Javier Solis

1 minute read

The Why

For those of you who are new to the site, welcome! I wanted to start with “Why Networking,” and maybe it will help you find your “Why.” My first post dates back to 2013 when I was just a Network Administrator. Before that, I remember reading technical blogs and books at the infancy of my IT journey. There’s so much fantastic content out there.

No longer is learning bound to written format, so I decided to create a YouTube channel that revolves around Networking and other related technical topics as complementary content for my blog. I enjoy sharing what I’ve learned and continue to learn, and that’s what you’ll find here. Enjoy!

YouTube
Why networking or more specifically computer networking?

YouTube Video

@javi_isolis

Javier Solis

2 minute read

Too much clutter

I’ve been trying to reduce the clutter in my home office, and part of that clutter are two of my custom built computer rigs. One is a mid-sized ATX Windows gaming rig, and the other is just collecting dust.

My gaming rig consists of a nearly nine-year-old processor, an Intel i5-2400. The Sandy Bridge CPU is paired with a newer Radeon RX 5600XT GPU, which believe it or not allows me to play some modern-day video games. So to make more space, I’ve been thinking of building a small form factor gaming rig to replace my two mid-sized ATX towers. Most of the SFF cases I’ve ran across require a Mini-ITX motherboard, along with a matching CPU, and SFX PSU. However, I really want to reuse the parts I already have, or salvage the usable parts. That’s when I ran across a used NCASE M1 V3 on eBay.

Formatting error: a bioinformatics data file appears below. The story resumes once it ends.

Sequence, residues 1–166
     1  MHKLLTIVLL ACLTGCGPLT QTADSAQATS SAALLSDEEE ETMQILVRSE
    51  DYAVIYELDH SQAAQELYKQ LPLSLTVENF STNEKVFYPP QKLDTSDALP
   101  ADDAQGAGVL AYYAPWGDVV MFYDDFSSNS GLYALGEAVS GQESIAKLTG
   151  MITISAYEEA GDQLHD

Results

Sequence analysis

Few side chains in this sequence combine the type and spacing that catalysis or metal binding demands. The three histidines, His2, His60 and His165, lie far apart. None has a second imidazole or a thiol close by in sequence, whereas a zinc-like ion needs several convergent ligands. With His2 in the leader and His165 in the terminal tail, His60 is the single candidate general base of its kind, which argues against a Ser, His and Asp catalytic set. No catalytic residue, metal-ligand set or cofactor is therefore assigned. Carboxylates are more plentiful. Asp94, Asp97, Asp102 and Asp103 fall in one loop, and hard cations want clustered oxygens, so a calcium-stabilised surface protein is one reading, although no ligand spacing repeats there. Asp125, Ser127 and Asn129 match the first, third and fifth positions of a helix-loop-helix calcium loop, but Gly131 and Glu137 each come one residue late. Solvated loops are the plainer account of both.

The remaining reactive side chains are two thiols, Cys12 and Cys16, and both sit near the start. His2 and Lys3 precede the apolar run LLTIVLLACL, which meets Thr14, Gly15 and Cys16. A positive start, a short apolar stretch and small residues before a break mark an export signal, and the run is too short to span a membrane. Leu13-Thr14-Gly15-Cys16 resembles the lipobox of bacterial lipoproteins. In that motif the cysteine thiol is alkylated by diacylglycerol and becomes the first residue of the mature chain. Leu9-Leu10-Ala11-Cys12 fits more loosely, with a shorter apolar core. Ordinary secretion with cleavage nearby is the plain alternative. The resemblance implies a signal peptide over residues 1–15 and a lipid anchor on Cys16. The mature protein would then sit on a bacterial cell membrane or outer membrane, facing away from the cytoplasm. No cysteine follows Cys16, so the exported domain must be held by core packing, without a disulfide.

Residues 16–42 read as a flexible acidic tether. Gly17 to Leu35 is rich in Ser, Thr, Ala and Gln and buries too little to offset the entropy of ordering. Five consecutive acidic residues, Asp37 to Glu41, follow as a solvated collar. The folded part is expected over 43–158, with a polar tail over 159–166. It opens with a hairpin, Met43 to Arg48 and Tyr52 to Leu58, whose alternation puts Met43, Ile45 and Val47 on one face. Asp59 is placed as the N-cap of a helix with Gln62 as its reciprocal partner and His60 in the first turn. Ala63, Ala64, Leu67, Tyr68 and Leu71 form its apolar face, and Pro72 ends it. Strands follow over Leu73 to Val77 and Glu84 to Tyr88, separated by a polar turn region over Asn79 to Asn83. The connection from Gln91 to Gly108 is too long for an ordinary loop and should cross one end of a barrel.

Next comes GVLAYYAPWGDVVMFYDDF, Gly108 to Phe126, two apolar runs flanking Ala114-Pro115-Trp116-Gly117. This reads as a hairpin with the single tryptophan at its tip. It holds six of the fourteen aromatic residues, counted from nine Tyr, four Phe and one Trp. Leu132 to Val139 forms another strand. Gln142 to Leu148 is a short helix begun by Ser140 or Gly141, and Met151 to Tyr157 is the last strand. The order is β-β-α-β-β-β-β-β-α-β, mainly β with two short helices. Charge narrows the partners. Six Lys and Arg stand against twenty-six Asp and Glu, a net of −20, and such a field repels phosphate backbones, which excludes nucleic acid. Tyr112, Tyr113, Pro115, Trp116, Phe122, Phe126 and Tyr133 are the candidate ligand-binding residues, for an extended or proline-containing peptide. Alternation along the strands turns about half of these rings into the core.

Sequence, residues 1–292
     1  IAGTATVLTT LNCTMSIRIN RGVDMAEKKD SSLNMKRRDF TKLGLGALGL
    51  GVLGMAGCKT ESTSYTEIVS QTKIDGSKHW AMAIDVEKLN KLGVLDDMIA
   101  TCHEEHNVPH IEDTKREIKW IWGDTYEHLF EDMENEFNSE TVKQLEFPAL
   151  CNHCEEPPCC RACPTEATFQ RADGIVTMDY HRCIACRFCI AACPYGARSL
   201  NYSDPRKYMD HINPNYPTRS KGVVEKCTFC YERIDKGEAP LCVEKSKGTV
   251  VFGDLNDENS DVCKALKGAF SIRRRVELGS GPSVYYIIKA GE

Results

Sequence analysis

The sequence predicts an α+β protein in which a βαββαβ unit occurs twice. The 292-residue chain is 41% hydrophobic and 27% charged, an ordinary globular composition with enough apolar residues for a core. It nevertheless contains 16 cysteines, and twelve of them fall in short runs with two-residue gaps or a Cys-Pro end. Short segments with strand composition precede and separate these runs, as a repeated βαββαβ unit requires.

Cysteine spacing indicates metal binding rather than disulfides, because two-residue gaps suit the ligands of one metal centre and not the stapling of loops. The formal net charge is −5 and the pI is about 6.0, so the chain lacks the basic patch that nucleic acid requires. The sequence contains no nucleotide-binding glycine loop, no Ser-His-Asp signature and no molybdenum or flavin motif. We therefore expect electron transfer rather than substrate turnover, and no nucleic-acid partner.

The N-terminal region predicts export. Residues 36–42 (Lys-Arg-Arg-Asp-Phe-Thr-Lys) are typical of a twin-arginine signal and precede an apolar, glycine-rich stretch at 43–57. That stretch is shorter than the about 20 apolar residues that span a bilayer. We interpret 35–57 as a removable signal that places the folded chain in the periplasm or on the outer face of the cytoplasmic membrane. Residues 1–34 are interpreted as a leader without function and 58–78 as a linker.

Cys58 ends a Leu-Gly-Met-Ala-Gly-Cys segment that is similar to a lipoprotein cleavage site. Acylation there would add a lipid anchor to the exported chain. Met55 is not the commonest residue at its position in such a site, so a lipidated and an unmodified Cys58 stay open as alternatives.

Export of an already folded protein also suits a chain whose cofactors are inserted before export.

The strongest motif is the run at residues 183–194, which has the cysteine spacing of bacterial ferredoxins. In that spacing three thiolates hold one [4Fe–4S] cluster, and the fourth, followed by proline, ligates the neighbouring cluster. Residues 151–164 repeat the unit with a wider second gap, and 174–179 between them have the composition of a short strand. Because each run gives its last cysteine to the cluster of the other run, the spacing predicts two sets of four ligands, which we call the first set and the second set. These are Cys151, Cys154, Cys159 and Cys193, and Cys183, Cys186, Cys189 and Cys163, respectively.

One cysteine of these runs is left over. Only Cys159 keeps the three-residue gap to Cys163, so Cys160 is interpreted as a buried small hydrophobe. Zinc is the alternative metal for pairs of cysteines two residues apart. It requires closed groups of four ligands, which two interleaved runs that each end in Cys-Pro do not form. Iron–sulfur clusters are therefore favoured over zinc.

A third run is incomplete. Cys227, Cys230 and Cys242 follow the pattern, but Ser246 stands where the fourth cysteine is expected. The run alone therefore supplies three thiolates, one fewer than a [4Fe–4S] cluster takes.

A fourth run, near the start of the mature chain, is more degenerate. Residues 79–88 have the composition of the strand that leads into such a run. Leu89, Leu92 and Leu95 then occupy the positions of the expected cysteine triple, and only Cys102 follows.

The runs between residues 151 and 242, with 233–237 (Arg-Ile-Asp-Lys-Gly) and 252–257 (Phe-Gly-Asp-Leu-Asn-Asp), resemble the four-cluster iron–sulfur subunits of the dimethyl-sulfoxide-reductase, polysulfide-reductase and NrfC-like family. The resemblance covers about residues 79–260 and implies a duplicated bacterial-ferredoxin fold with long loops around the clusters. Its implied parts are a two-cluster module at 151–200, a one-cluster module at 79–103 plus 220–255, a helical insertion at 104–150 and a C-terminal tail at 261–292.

The NCASE M1 Build

After some more research, I found that I could reuse all of my existing parts with the NCASE M1. The only thing I’d have to figure out is how to fit my ATX power supply in the NCASE M1.

Here’s the salvaged parts list that will make it into the NCASE M1:

  • Corsair CX650M ATX PSU
  • Mini-DTX MSI H61M-E33/W8
  • Intel i5-2400 CPU
  • Radeon RX 5600XT
  • Two SSD Drives
The build is extremely tight, but everything fit. So now I can finally clear out some clutter. I recorded a YouTube video describing the build and also how to get the ATX PSU mounted in the NCASE M1. As always, feel free to leave comments or ask questions on YouTube or Twitter:

YouTube
NCASE M1 Build - ATX PSU (Old CPU + New GPU)

YouTube NCASE M1 with ATX PSU Video

Enjoy,
@javi_isolis

Javier Solis

2 minute read

Something New

My day job continues to revolve around IT-related networking work, and I tend to spend quite a bit of time on other techie projects. So I decided it was time to get away from the keyboard and embark on a non-IT-related side project.

My wife and I were driving to the grocery store when I spotted a Datsun 280ZX for sale. It was difficult to hide my excitement as I previously owned a U.S. Nissan 240sx (a.k.a S13) fastback in college around the time I meet my wife. You could say that it was a “project” car, but it became my daily driver. A few years later, I had to get rid of the 240 and have since loved the Datsun/Nissan hatchback style. My wife said if I didn’t call the number on the Datsun 280ZX, I would regret it. So now we own a 1981 Datsun 280ZX “project” car.